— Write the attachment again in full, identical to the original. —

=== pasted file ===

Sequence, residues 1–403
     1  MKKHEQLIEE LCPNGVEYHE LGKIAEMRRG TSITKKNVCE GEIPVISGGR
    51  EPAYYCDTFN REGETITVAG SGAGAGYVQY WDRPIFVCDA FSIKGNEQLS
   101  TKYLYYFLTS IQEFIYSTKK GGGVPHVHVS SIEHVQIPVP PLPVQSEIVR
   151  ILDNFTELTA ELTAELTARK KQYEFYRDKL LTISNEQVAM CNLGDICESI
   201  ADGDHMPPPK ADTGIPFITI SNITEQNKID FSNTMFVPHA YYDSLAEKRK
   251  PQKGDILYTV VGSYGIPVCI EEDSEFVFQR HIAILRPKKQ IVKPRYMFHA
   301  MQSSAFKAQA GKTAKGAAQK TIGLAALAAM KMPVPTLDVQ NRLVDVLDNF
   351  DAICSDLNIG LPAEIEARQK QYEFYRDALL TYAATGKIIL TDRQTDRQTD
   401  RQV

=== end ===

Sequence, residues 1–403
     1  MKKHEQLIEE LCPNGVEYHE LGKIAEMRRG TSITKKNVCE GEIPVISGGR
    51  EPAYYCDTFN REGETITVAG SGAGAGYVQY WDRPIFVCDA FSIKGNEQLS
   101  TKYLYYFLTS IQEFIYSTKK GGGVPHVHVS SIEHVQIPVP PLPVQSEIVR
   151  ILDNFTELTA ELTAELTARK KQYEFYRDKL LTISNEQVAM CNLGDICESI
   201  ADGDHMPPPK ADTGIPFITI SNITEQNKID FSNTMFVPHA YYDSLAEKRK
   251  PQKGDILYTV VGSYGIPVCI EEDSEFVFQR HIAILRPKKQ IVKPRYMFHA
   301  MQSSAFKAQA GKTAKGAAQK TIGLAALAAM KMPVPTLDVQ NRLVDVLDNF
   351  DAICSDLNIG LPAEIEARQK QYEFYRDALL TYAATGKIIL TDRQTDRQTD
   401  RQV